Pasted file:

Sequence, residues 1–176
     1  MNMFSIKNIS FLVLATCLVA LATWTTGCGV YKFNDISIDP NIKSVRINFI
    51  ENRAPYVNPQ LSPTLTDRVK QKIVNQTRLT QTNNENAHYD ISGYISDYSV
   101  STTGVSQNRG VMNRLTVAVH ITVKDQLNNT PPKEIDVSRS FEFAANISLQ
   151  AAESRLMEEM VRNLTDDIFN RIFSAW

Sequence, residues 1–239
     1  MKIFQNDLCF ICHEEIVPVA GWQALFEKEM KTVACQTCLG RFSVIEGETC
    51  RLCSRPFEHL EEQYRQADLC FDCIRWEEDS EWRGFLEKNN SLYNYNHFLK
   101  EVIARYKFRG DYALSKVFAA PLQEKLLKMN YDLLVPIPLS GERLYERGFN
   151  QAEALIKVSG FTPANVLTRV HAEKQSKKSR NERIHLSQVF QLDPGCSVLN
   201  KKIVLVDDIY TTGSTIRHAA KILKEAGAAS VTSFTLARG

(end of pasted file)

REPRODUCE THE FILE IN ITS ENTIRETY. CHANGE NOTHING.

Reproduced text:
Sequence, residues 1–176
     1  MNMFSIKNIS FLVLATCLVA LATWTTGCGV YKFNDISIDP NIKSVRINFI
    51  ENRAPYVNPQ LSPTLTDRVK QKIVNQTRLT QTNNENAHYD ISGYISDYSV
   101  STTGVSQNRG VMNRLTVAVH ITVKDQLNNT PPKEIDVSRS FEFAANISLQ
   151  AAESRLMEEM VRNLTDDIFN RIFSAW

Sequence, residues 1–239
     1  MKIFQNDLCF ICHEEIVPVA GWQALFEKEM KTVACQTCLG RFSVIEGETC
    51  RLCSRPFEHL EEQYRQADLC FDCIRWEEDS EWRGFLEKNN SLYNYNHFLK
   101  EVIARYKFRG DYALSKVFAA PLQEKLLKMN YDLLVPIPLS GERLYERGFN
   151  QAEALIKVSG FTPANVLTRV HAEKQSKKSR NERIHLSQVF QLDPGCSVLN
   201  KKIVLVDDIY TTGSTIRHAA KILKEAGAAS VTSFTLARG